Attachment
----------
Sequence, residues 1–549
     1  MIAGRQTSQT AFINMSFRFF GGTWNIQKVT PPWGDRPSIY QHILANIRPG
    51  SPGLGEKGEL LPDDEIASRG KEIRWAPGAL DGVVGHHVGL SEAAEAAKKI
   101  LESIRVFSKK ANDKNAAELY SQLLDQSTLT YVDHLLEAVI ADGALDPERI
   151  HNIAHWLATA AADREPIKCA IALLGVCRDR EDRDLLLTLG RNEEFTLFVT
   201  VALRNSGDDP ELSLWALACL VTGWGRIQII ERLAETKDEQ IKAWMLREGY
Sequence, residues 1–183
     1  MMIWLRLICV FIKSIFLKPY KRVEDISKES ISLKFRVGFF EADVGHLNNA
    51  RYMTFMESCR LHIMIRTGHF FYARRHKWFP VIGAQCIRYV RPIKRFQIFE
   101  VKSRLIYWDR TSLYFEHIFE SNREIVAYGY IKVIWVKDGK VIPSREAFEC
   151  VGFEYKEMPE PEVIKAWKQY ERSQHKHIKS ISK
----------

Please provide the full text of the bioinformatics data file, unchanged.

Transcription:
Sequence, residues 1–549
     1  MIAGRQTSQT AFINMSFRFF GGTWNIQKVT PPWGDRPSIY QHILANIRPG
    51  SPGLGEKGEL LPDDEIASRG KEIRWAPGAL DGVVGHHVGL SEAAEAAKKI
   101  LESIRVFSKK ANDKNAAELY SQLLDQSTLT YVDHLLEAVI ADGALDPERI
   151  HNIAHWLATA AADREPIKCA IALLGVCRDR EDRDLLLTLG RNEEFTLFVT
   201  VALRNSGDDP ELSLWALACL VTGWGRIQII ERLAETKDEQ IKAWMLREGY
Sequence, residues 1–183
     1  MMIWLRLICV FIKSIFLKPY KRVEDISKES ISLKFRVGFF EADVGHLNNA
    51  RYMTFMESCR LHIMIRTGHF FYARRHKWFP VIGAQCIRYV RPIKRFQIFE
   101  VKSRLIYWDR TSLYFEHIFE SNREIVAYGY IKVIWVKDGK VIPSREAFEC
   151  VGFEYKEMPE PEVIKAWKQY ERSQHKHIKS ISK